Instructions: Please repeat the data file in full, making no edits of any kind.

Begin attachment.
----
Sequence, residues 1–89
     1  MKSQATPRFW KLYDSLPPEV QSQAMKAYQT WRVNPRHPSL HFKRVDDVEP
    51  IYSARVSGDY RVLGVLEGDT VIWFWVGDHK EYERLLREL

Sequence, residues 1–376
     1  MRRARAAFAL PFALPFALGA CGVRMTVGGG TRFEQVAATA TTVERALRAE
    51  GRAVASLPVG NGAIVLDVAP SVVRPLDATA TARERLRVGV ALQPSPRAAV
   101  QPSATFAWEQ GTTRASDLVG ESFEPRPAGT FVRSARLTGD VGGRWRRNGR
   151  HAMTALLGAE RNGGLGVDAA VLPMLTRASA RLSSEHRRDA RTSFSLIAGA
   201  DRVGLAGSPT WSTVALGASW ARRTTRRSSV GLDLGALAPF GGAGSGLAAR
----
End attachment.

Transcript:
Sequence, residues 1–89
     1  MKSQATPRFW KLYDSLPPEV QSQAMKAYQT WRVNPRHPSL HFKRVDDVEP
    51  IYSARVSGDY RVLGVLEGDT VIWFWVGDHK EYERLLREL

Sequence, residues 1–376
     1  MRRARAAFAL PFALPFALGA CGVRMTVGGG TRFEQVAATA TTVERALRAE
    51  GRAVASLPVG NGAIVLDVAP SVVRPLDATA TARERLRVGV ALQPSPRAAV
   101  QPSATFAWEQ GTTRASDLVG ESFEPRPAGT FVRSARLTGD VGGRWRRNGR
   151  HAMTALLGAE RNGGLGVDAA VLPMLTRASA RLSSEHRRDA RTSFSLIAGA
   201  DRVGLAGSPT WSTVALGASW ARRTTRRSSV GLDLGALAPF GGAGSGLAAR